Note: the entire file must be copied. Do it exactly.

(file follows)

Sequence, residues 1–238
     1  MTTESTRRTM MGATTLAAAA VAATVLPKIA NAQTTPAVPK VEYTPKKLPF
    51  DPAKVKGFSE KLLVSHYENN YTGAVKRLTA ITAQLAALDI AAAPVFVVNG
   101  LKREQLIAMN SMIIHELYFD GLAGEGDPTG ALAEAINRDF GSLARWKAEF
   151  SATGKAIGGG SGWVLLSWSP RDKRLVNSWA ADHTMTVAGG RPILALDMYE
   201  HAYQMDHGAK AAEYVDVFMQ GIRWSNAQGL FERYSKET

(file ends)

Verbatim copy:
Sequence, residues 1–238
     1  MTTESTRRTM MGATTLAAAA VAATVLPKIA NAQTTPAVPK VEYTPKKLPF
    51  DPAKVKGFSE KLLVSHYENN YTGAVKRLTA ITAQLAALDI AAAPVFVVNG
   101  LKREQLIAMN SMIIHELYFD GLAGEGDPTG ALAEAINRDF GSLARWKAEF
   151  SATGKAIGGG SGWVLLSWSP RDKRLVNSWA ADHTMTVAGG RPILALDMYE
   201  HAYQMDHGAK AAEYVDVFMQ GIRWSNAQGL FERYSKET